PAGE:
Today is the 30th anniversary of the Macintosh computer, and as CES 2014 proves, we've come a long way since then. While this is the end of our CES naming wrap up, this is just the start of a conversation on technology and branding that we’ll continue in future blog posts.

    After taking a look at the names for trending and everyday technology that came out of CES 2014, it’s clear that companies are trying to pack in as much meaning as possible, favoring descriptive names that ensure clarity. Which begs the question: how do you name an emerging technology—those things that are less product, and more concept—if it’s something the world has not yet described?

    Take Edison, the latest, greatest miniature computer from Intel. It’s a 22 nanometer dual-core PC, a little bigger than a postage stamp, that has the potential to transform wearable technology into something much more powerful. But its exact purpose isn’t known yet, which is why Intel is offering developers over a million dollars in prize money in their “Make it Wearable” competition. 

    Edison

    And the name? A nod to Thomas Edison, one of the great inventors who made much of the technology we have today possible. That’s a pretty big legacy to live up to in a name, but the product seems like it may be able to deliver. The name Edison also seems like a challenger to IBM’s Watson, the artificially intelligent computer who once bested humans at Jeopardy. Game on.

    There’s also Oculus Rift VR, an augmented reality headset that you wear while playing video games. The name sounds techy and cool, and alludes to the act of seeing through the goggles, while also conveying the idea of a rift between what’s real and what’s virtual. 

    But the product feels like so much more, and early uses for it are stepping outside of the gaming world. With a name so targeted toward a gaming audience, there’s a risk of alienating those who fall outside that space, and a chance that really interesting applications of the product may be overlooked.

    Auto-maker Ford got into the technology game at CES 2014, releasing a concept car called the C-Max Solar Energi Concept. It’s an electric car and a solar powered charging station all-in-one, with solar panels on the roof to charge the car’s batteries. 

    But while the car itself may be efficient, the name certainly is not. It’s an extension of their line of C-Max Hybrid cars, but the unnecessary coining of “Energi” makes it seem trite. Coining a name to say “cool” falls flat when it doesn’t have a broader purpose. Since this is a concept, there’s time to change the name and we hope Ford can find something that expresses just how amazing this product has the potential to be.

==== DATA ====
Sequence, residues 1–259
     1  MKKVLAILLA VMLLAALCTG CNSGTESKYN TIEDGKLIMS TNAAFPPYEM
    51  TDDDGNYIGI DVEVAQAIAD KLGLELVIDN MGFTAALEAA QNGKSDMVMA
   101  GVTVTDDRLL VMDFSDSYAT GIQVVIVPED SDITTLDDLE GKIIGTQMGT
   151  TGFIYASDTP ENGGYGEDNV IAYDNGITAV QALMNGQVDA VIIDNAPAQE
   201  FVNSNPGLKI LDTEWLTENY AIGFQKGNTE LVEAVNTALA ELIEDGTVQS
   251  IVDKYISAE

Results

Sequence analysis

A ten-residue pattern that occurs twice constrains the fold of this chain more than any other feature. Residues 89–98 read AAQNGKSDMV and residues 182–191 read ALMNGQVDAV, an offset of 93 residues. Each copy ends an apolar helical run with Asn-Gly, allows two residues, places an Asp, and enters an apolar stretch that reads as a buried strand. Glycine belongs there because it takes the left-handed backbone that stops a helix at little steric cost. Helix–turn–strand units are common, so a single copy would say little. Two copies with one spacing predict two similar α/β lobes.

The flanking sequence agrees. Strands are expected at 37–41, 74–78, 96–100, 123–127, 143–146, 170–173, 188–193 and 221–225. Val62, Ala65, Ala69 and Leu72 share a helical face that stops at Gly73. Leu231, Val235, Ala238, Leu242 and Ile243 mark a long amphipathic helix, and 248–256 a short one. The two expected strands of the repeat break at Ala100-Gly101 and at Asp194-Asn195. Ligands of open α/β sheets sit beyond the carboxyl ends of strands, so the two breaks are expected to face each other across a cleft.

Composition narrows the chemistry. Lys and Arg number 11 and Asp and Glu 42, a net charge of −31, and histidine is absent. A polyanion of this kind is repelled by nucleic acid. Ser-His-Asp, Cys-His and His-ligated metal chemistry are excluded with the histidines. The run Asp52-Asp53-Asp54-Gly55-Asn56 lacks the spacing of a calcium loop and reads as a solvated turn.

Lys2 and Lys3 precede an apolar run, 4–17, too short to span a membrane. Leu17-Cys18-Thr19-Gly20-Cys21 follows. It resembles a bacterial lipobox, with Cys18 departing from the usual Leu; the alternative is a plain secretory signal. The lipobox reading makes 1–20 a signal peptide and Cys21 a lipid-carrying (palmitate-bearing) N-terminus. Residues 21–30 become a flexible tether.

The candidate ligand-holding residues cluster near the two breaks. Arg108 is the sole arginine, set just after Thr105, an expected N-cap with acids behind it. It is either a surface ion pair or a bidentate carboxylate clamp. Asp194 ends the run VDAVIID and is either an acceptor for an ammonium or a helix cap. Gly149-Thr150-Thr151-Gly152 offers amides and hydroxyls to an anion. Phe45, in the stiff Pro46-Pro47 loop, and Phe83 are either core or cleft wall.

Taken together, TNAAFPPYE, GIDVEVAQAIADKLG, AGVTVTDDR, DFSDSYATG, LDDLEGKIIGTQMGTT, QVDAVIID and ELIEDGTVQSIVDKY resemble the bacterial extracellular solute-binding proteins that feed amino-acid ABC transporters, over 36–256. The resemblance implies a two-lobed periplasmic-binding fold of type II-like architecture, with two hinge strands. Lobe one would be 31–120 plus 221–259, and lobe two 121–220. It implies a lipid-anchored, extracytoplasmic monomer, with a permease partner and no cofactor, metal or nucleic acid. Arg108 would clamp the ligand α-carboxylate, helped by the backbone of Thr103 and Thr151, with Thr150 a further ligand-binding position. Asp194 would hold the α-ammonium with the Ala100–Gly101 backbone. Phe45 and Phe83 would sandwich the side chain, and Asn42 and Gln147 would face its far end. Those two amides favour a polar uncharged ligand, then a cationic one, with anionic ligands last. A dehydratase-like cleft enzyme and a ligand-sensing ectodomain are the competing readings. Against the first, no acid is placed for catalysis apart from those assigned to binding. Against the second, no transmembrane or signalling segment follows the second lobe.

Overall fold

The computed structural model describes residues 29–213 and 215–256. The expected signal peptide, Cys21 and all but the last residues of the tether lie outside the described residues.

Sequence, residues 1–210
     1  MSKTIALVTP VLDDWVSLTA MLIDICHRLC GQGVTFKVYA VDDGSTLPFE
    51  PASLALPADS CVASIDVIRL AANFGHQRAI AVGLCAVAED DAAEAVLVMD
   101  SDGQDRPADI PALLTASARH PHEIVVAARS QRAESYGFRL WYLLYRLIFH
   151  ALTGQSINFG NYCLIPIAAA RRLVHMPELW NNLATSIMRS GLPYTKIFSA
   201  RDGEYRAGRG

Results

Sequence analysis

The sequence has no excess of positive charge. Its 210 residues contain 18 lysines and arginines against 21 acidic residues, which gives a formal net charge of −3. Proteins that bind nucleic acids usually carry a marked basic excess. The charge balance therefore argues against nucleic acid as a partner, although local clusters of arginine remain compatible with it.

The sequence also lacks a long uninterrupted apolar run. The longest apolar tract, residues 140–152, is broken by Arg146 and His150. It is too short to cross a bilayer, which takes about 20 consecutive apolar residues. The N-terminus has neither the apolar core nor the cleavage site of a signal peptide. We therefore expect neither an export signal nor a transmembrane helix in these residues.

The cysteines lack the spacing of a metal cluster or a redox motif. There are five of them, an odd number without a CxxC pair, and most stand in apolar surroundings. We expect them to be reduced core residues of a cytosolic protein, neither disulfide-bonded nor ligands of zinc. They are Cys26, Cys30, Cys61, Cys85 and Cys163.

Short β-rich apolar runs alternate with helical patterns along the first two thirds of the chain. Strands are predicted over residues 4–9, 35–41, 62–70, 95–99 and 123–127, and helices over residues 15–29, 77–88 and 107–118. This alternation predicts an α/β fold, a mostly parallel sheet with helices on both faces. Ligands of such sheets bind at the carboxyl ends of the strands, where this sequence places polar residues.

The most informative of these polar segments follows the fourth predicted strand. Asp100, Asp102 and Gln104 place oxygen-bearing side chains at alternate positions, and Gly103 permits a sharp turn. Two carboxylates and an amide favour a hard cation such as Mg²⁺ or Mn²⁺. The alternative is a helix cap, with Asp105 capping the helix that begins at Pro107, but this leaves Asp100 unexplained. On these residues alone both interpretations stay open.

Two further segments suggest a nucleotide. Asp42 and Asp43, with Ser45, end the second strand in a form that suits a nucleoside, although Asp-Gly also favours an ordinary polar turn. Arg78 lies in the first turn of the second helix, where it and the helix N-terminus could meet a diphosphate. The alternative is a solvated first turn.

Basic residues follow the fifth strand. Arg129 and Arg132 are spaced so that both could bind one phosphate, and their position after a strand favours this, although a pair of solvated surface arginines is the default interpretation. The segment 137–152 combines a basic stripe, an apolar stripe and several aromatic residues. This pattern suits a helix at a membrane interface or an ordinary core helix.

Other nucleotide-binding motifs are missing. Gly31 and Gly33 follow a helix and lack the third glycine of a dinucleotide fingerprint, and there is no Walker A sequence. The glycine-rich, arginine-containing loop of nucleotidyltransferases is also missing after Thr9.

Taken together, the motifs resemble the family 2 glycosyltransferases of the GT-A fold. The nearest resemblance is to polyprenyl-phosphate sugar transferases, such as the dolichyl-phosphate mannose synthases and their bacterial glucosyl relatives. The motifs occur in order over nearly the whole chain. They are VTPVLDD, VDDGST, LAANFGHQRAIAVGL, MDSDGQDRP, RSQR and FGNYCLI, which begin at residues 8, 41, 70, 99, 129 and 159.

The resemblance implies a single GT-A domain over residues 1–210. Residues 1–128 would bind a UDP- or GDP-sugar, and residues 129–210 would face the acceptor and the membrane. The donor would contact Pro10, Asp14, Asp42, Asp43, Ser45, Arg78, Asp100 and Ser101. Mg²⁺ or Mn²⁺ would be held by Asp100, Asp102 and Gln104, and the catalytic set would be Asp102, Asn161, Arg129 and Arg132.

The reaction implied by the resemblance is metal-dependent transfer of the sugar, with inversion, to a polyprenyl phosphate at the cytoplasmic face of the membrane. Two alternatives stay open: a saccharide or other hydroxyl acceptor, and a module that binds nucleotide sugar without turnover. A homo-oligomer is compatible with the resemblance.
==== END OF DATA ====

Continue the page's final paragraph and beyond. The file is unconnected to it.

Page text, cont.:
As we wrap this year’s review of names from CES 2014, we’re excited to see what next year brings. Will the names suggest experiences beyond our wildest imagination? Or will companies stay with the trend of descriptive naming? All we know is that as technology gets more and more advanced, names will play a critical role in helping consumers understand and connect to the next big thing.

    Katie Conneally is a Consultant, Verbal Identity at Interbrand New York.


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  • Posted by: Interbrand on Tuesday, January 7 2014 06:19 PM | Comments (0)

    Our social listening experts and on-the-ground Interbrand team are monitoring the interwebs and live press conferences at CES 2014 this week to bring you the latest product launches and innovations from the world's leading technology brands. Check out our recap of the biggest connected ecosystem stories and latest tech gadgets, live from Las Vegas, and follow @Interbrand on Twitter as we follow the buzz from Las Vegas this week. Stay tuned for news about how brands are forging connections, making consumers' lives better in the car and at home with wearable health trackers, and more.

    Samsung looks to partner brands to create a truly connected home - Yes, Samsung's 85-inch bendable TV sparkled, but its announcement of the "Smart Home" demonstrated the brand's understanding of the connected ecosystem's importance. Although this concept isn't first to market, Samsung's single platform will connect all smart devices and home appliances, allowing consumers to monitor and control every aspect of their home from any mobile device (phone, wearables, etc.). Initially, Samsung plans for the app to only work with its own products, but the brand understands that its future success relies on partnering with other brands' devices, as to create a truly connected home for consumers. [Engadget]

    AT&T Creates a "Smartphone on Wheels" - At the AT&T Developer Summit on Monday AT&T's announcements included the Drive Studio, a collaborative garage where partnering automakers will engage with the AT&T Drive technology to create a safe "smartphone on wheels," as Fast Company puts it.

    Text your appliances what to do with LG's HomeChat - LG's HomeChat app introduces a new level of consumer convenience and control. With an app that allows users to text their home appliances from anywhere, the sky's the limit: ask the fridge if you are out of milk while at the grocery store or start a wash cycle before arriving home from vacation. [CNET]